– Not to belabor the point, but there’s a reason why basically nobody had been felled by this problem before. As I said in my first post, nearly every story about then-Sheriff Adrian Garcia’s rumored candidacy for Mayor was accompanied by a discussion of how he couldn’t say anything without triggering the resign-to-run provision. Sheriff isn’t judge, but in this case they’re both county positions. One might well wonder if that provision applied to one job, would it apply to another?

– All that said, let’s not get too high and mighty at Bill McLeod’s expense. Yes, this was a dumb and avoidable mistake, but it’s not like this particular cul-de-sac of our word salad that is the state constitution was a cornerstone of our inviolable values as a state. County court judges have to resign to run for another office, but district court judges and appeals court judges don’t. All five Democrats who ran for statewide judicial positions last year were sitting on a bench while running for something else, and last I checked our state didn’t collapse. The fact that Bill McLeod had to resign is a quirk and not a principle, and it’s at least as dumb as McLeod’s unfortunate action. I’m sorry this happened to him. I’m sure we’ll all take the lesson to check and doublecheck whether “resign to run” applies to whatever office one holds before stating an intention to seek another, but maybe we should also take the lesson that these same rules are arbitrary and ought to be reviewed to see if they still make sense. Campos has more.

Time for another Texas Central legislative update

I keep thinking that Texas Central has reached a point where there’s not much that can be done in the Lege to stop them, and events continue to prove otherwise.

Dallas-Houston bullet train developer Texas Central Partners LLC said its project could be delayed by a provision added to the Texas Senate’s proposed 2020-21 budget Wednesday, even though the company is not planning on using state funds to build the high-speed rail line. The company said language added to the upper chamber’s spending plan would encourage lawsuits and “is not beneficial for good coordination and planning.” Meanwhile, project opponents cheered the provision.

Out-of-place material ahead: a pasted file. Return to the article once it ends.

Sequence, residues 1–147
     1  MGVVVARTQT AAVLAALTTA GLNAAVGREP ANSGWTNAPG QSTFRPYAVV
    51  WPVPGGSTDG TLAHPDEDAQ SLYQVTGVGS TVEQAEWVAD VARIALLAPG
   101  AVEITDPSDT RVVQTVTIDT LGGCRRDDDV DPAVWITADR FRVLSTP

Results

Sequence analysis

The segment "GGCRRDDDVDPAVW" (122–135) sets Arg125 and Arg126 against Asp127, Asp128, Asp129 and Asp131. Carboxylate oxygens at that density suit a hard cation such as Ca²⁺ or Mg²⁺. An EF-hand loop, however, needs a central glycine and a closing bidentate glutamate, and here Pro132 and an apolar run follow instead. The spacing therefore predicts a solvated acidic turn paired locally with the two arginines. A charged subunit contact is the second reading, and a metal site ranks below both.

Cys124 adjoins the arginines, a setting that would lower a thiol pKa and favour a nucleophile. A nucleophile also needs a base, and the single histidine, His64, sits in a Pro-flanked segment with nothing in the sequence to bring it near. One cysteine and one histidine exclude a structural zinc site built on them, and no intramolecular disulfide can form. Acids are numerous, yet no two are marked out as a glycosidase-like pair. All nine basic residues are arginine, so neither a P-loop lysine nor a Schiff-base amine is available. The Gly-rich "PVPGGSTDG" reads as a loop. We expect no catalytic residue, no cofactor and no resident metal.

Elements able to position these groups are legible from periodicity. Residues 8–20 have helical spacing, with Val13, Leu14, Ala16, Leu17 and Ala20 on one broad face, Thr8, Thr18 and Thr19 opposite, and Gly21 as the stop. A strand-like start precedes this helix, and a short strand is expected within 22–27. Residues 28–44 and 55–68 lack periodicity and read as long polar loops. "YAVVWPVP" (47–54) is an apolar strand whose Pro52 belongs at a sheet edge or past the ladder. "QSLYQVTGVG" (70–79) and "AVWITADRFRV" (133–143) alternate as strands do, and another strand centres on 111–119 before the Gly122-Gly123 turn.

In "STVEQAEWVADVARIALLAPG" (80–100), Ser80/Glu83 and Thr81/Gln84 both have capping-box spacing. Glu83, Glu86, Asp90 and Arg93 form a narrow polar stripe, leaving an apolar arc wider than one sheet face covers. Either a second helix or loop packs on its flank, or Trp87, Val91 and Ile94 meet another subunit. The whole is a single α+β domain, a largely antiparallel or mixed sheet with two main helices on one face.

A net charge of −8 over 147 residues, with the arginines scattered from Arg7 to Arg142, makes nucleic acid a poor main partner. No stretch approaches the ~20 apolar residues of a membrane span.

The measure, authored by Sen. Brian Birdwell, R-Granbury, continues to bar state funds from subsidizing high-speed passenger rail projects but would go further than current law. It would prevent the Texas Department of Transportation from helping coordinate access to rights-of-way on state highways for the high-speed rail project until there is a final, unappealable court ruling on the project’s eminent domain authority. Debate over whether Texas Central has the right to condemn land and buy it from unwilling owners has fueled opposition to the project and led to court battles across the state. The new language was added in what’s called a rider to the proposed budget.

[…]

“Working with TXDOT is critical to the project,” the company said in a statement late Wednesday. “This rider would impose arbitrary and discriminatory restrictions for a single project and sets a bad precedent.”

Texas law allows railroads to use eminent domain to take land for projects, and Texas Central says it is one. But opponents argue that the company doesn’t count as a railroad because it’s not operating any trains — and a Leon County Court upheld that viewpoint in February.

Texas Central disagreed with the ruling, citing a previous Harris County ruling in its favor, and said it plans to appeal the judge’s decision. But as the decision stands, the company can’t condemn land in the counties under the court’s jurisdiction, according to an attorney who represented the landowner in that case.

Patrick McShan, an attorney for the group Texans Against High-Speed Rail and more than 100 landowners along the train’s route, said there may be a lengthy court battle to settle the disagreement over whether the company can use eminent domain. And that, he said, could stall the project.

“At least two years, could be four years. Whatever it is, it’s several years,” he said. “It would be a significant obstacle to the project being constructed. … I do not envision a scenario where they can obtain these necessary approvals and these necessary court rulings to prove to the state that it is justifiable and necessary for the state to expend its resources on this project.”

See here for more on that court case, and here for where things stood at the end of the 2017 session. I fondly remember thinking that if Texas Central survived that session with nothing bad happening they were probably in good shape going forward. Those were the days, I tell you. The Senate budget still has to be approved by the full chamber and then reconciled with the House budget, so there will be opportunities for this rider to get ditched. And then I can make the same foolish prediction at the end of this session and get proven wrong again in 2021. It’s the circle of life, almost.

Texas blog roundup for the week of April 8

The Texas Progressive Alliance did not listen to Paul Ryan’s advice in putting together this week’s roundup.